As we said goodbye to a more relaxed Hebron, we faced the biggest struggle which was to get a bus driver to understand that we only wanted to get the bus as far as the Al Quds restaurant…..most drivers left the restaurant part off the place we wanted to go and thought we wanted to go to Jerusalem (its Arab name). Eventually we managed to get someone to understand, he told a taxi driver and bundled us into a car which sped off up the road. I am glad we didn’t as it was a further walk than we thought.
We grabbed a quick bite to eat then haggled with a taxi driver to take us to the village. As we drove through, certain landmarks stood out, then others had changed as building works had taken place. Three times we asked the driver to stop as we thought this was where we had to get out of the car, then eventually, it all looked so familiar and we could see the Hara, the street we had lived on. I had butterflies.
Mohammed, who last time was an absolute pain, ran out from his new shop to greet us and told us to go to his house. Children seemed to appear from every nook and cranny, many were giggling, a few shouted “What’s your name?” (now I know that anyone who was on our trip last year will have read that with a Palestinian accent as we were asked this constantly!)
The first familiar face we saw was Charlie’s, he was back in the village to do the football tournament. We hugged and then I saw the two ladies from the house next door to where we stayed, the co-wives. They seemed really pleased to see us and came over and hugged. Eventually we were able to go into our home last year. Standing in the doorway was Rafika. I admit I had tears as we hugged. She invited us in and there on the sofa was Majid, glued as usual to his WWF wrestling. A huge smile lit his face, then he shooed us out of the way of the telly.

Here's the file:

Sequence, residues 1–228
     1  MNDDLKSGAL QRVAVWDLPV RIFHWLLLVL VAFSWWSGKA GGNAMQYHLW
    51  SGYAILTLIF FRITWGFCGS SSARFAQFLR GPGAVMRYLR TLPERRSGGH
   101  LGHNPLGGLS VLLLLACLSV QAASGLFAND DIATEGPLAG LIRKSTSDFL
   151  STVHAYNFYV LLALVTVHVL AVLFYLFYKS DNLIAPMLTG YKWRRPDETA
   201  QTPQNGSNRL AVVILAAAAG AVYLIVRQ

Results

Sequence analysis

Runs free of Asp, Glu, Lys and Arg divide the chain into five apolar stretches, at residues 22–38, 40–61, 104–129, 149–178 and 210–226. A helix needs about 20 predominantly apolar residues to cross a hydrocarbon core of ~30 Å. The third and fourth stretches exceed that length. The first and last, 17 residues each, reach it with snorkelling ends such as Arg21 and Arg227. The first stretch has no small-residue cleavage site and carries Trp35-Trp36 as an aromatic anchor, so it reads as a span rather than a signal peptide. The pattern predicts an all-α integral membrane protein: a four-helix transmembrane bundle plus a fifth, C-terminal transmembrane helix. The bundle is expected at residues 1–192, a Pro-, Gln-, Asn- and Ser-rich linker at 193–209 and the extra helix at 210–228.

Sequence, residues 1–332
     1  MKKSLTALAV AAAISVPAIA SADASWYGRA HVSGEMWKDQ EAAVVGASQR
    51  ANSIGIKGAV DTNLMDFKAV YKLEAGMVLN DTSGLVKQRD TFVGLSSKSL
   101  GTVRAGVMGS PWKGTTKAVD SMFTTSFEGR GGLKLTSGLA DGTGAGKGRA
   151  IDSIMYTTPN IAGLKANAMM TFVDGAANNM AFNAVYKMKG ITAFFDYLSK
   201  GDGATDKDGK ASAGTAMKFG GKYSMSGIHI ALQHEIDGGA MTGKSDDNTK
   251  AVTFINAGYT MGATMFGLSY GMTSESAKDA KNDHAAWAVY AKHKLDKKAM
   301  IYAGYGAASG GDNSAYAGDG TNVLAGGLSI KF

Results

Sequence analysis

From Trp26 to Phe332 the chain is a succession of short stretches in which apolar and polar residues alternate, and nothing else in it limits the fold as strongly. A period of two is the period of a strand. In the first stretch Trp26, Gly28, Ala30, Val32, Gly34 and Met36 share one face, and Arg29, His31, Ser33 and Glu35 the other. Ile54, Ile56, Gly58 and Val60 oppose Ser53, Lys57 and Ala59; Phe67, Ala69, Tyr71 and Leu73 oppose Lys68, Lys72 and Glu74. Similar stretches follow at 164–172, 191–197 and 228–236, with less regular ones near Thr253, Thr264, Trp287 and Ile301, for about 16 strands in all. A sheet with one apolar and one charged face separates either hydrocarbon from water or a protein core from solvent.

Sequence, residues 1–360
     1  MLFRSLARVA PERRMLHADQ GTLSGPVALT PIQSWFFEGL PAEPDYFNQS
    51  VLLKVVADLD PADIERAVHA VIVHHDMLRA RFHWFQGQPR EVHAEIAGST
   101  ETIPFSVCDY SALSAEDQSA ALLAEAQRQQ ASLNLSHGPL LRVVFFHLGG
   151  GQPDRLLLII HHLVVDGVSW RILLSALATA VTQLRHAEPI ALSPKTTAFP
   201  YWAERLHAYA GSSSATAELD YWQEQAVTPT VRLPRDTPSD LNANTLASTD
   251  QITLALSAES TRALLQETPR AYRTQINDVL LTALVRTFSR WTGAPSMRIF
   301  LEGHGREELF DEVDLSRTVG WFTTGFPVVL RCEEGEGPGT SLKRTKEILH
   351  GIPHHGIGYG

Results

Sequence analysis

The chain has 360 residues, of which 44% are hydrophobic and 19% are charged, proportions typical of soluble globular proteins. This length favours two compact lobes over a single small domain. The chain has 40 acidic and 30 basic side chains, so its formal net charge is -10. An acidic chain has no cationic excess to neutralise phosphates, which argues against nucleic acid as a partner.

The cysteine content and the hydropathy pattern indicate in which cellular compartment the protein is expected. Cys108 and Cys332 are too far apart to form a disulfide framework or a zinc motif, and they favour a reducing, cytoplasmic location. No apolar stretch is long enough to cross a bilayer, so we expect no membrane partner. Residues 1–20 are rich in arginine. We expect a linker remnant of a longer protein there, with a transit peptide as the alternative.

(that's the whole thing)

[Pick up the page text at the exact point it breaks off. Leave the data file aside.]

Mays came out of her room and hugged us, she seemed smaller than last year, a delicate bird who worked like a trojan.
After a refreshing drink and some cack cakes (sound disgusting, but are delicious and made especially for eid. Think of fig rolls but made from dates instead.) we headed down the hill to what we nicknamed “The Little House on the Prairie”. The route down seemed more tretcherous and the ‘path’ was precarious to say the least. A lad from the house at the top accompanied us and ran ahead to bang on the door. It was obvious that the kids were home, but mum wasn’t. (This was a common occurrence). He banged on the door and told them the foreigners were here come look. I climbed to the top step, to see the girl I had really connected to last year. She screamed and tried to get her hand through the bars in the door. Then the older girl Farah, opened the door and threw herself at Jo. The kids just flung themselves at us. We crouched and received huge hugs from the 5 kids. Then we heard another squeal, and there was mum who dropped her bags as she turned the corner and saw us. She hugged us until we couldn’t breathe. And yes there were tears, from all of us, it was amazing to see these little ragamuffins yet again.We left them gifts and hugs and with heavy hearts we had to make a move and say our goodbyes back down the road, as we needed to be back on a bus from Hebron before 5pm as public buses are not allowed on the roads after this time….public Palestinian buses should I stipulate!
We said goodbye to the friends we made yet again and took one last look at the sign which made our street, much faded, but never forgotten.